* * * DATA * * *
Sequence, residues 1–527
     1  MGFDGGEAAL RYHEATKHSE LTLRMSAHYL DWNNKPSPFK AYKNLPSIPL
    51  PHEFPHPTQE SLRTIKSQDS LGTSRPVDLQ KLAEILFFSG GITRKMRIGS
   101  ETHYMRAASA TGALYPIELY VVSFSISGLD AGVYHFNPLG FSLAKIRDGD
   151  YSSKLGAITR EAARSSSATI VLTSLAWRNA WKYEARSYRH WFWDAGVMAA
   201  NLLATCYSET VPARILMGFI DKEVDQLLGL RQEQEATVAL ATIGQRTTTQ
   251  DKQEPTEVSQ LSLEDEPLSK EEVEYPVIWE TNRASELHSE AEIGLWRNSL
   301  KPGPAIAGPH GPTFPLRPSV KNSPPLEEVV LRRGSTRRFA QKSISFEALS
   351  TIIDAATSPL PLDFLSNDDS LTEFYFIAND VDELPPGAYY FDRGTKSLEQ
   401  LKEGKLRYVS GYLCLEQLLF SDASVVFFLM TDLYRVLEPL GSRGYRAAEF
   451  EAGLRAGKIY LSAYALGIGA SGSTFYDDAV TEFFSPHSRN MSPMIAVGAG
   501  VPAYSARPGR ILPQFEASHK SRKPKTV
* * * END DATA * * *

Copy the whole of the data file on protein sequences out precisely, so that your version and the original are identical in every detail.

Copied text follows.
Sequence, residues 1–527
     1  MGFDGGEAAL RYHEATKHSE LTLRMSAHYL DWNNKPSPFK AYKNLPSIPL
    51  PHEFPHPTQE SLRTIKSQDS LGTSRPVDLQ KLAEILFFSG GITRKMRIGS
   101  ETHYMRAASA TGALYPIELY VVSFSISGLD AGVYHFNPLG FSLAKIRDGD
   151  YSSKLGAITR EAARSSSATI VLTSLAWRNA WKYEARSYRH WFWDAGVMAA
   201  NLLATCYSET VPARILMGFI DKEVDQLLGL RQEQEATVAL ATIGQRTTTQ
   251  DKQEPTEVSQ LSLEDEPLSK EEVEYPVIWE TNRASELHSE AEIGLWRNSL
   301  KPGPAIAGPH GPTFPLRPSV KNSPPLEEVV LRRGSTRRFA QKSISFEALS
   351  TIIDAATSPL PLDFLSNDDS LTEFYFIAND VDELPPGAYY FDRGTKSLEQ
   401  LKEGKLRYVS GYLCLEQLLF SDASVVFFLM TDLYRVLEPL GSRGYRAAEF
   451  EAGLRAGKIY LSAYALGIGA SGSTFYDDAV TEFFSPHSRN MSPMIAVGAG
   501  VPAYSARPGR ILPQFEASHK SRKPKTV